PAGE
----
Well, this is some interesting news that may brighten the days of the Los Angeles Lakers in the near future. According to reports from ESPN staffers, Larry Coon, who works for ESPN, is projecting a $5M increase in the salary cap in 2014-15.
— Marc Stein (@ESPNSteinLine) April 19, 2014
A hike in salary cap would suggest that the basketball business is doing quite well and will be doing even better when the league negotiates its new television contracts this offseason. Reports have suggested that the league will “easily” double it’s annual television revenue with these new deals. That could explain why the NBA is projected to raise the salary cap by 8.5% this offseason. This “jump” would be unprecedented under the new CBA, which so clearly favors the owners. Here are the salary caps for every season under the new CBA.
2011-2012 Salary Cap: $58.044M
2012-2013 Salary Cap: $58.044M (0% increase)
2013-2014 Salary Cap: $58.679M (1% increase)
2014-2015 Projected Salary Cap: $63.679M (8.5% increase)
So, what does this mean for the Los Angeles Lakers and Los Angeles Clippers? Well, the team that will be helped the most by the increase cap space is obviously the Lakers. Why? The Lakers are desperately in need of some top tier talent. While it would make sense for the Lakers to hold off on a spending spree until the summer of 2015, due to their increase cap space and a talented free agent class, the Lakers do need to improve their team this summer in order to appease fans.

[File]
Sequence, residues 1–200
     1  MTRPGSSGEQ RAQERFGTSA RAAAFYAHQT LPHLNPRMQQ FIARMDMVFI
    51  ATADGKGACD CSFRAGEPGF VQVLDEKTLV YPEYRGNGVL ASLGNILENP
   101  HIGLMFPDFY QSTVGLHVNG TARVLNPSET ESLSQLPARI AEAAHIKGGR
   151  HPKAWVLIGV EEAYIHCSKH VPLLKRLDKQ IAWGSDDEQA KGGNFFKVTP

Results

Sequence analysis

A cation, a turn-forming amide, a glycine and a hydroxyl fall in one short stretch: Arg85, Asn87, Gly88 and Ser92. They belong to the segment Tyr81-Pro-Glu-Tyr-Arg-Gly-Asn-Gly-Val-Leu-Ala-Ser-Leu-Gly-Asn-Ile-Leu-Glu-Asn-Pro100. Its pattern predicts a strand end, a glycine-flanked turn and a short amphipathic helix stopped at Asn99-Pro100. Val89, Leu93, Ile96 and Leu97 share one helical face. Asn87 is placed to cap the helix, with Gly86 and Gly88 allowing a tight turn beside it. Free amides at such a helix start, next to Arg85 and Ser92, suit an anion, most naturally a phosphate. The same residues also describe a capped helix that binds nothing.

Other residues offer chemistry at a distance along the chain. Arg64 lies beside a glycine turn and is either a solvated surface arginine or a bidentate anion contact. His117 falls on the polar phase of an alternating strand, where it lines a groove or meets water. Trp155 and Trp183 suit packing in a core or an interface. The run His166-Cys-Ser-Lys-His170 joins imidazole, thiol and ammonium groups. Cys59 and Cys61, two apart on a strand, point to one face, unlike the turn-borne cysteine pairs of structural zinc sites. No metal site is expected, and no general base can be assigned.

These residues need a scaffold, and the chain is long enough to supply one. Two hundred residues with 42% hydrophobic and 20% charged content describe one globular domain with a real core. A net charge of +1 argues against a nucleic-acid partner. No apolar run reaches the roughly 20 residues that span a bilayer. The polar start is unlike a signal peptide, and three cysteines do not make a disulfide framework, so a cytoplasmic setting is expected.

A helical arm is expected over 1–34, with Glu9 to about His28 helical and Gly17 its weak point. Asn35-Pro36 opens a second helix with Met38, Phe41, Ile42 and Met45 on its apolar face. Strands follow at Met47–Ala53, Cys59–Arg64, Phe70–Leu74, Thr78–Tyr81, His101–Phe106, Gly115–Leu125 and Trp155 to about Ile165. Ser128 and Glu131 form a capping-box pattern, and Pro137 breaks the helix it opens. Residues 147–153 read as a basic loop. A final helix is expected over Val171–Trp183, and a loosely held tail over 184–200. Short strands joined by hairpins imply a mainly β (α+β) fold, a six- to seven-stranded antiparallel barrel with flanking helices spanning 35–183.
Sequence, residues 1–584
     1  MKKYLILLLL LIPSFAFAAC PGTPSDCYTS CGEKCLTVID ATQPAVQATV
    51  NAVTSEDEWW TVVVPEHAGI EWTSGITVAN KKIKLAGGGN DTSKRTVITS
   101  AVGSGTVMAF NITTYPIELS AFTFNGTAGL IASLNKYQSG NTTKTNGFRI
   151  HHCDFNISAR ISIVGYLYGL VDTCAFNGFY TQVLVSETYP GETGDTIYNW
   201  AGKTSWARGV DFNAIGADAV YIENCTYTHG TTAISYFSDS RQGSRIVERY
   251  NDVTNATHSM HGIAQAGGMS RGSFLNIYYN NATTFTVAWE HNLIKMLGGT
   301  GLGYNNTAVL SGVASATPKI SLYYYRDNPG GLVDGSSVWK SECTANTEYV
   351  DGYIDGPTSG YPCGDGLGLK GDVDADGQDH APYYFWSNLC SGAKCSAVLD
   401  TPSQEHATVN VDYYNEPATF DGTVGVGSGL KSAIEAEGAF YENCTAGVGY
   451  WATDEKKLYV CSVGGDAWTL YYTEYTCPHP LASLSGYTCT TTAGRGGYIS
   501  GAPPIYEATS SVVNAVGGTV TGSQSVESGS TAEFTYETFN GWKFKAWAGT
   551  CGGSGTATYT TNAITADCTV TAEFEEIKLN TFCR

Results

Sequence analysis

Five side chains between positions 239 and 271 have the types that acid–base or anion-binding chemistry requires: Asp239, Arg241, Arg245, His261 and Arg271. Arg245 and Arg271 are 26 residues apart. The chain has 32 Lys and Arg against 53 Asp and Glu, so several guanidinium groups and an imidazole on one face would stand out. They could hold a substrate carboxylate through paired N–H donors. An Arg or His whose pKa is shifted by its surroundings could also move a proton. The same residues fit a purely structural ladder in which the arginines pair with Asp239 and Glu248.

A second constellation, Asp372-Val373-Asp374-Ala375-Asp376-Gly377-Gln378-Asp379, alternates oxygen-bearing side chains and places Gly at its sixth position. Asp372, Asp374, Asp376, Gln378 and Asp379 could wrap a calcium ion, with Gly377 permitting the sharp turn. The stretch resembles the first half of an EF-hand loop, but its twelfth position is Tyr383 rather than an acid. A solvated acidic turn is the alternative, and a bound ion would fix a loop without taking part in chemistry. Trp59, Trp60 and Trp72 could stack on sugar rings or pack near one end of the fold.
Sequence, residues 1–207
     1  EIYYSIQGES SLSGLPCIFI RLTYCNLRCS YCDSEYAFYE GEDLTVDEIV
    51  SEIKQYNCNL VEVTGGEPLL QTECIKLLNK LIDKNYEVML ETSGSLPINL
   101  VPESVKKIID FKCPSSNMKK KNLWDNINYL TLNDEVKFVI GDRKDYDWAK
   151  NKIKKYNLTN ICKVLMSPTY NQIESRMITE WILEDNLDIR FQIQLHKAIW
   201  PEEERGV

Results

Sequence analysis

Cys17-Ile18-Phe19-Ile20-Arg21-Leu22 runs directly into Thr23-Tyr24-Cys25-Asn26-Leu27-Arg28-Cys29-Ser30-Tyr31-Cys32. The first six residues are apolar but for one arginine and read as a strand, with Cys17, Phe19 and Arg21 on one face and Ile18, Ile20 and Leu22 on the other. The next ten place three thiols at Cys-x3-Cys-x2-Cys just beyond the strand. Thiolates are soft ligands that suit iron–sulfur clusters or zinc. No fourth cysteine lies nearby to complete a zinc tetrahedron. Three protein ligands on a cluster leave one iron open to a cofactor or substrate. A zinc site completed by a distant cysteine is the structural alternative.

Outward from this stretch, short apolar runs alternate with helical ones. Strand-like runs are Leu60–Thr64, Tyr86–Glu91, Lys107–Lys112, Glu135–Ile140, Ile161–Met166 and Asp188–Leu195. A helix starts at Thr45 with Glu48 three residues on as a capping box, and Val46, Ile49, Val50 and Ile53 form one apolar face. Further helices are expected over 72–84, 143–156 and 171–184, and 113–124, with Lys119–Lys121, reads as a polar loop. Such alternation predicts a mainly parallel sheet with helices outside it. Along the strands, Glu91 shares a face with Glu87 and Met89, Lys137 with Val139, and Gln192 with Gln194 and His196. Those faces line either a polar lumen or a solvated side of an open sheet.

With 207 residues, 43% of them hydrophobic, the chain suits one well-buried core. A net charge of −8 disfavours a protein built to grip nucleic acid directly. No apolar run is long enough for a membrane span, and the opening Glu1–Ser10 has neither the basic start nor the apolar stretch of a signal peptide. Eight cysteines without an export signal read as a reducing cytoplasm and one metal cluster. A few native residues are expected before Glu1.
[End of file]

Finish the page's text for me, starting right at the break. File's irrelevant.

An additional $5M in cap space means that if the Lakers didn’t re-sign any of their free agents and used the stretch provision on Steve Nash, they would have $28.5M in space this summer. If they traded their first round pick (after June 1st) in any sort of deal, they would have $30.5M in space this summer. That amount is enough to sign a max-level player and add another near max-level player. While it is unlikely that the Lakers would spend so irrationally this summer, it is possible. What this additional money does give the Lakers, in reality, is more breathing room to be creative over the next two seasons and to try and improve this roster as quickly as possible.
As for the Clippers, they are, for the first time, a luxury tax team and will be penalized as such this offseason. They are paying Chris Paul, Blake Griffin and DeAndre Jordan a ton of money over the next couple of seasons. An additional $5M will alleviate some of the luxury tax costs associated with having a roster being paid like superstars. However, it will not be helping them attract max-level free agents any time in the near future. Somehow I don’t think the Clippers are too concerned about any of this. They’re concentrated on trying to win a championship.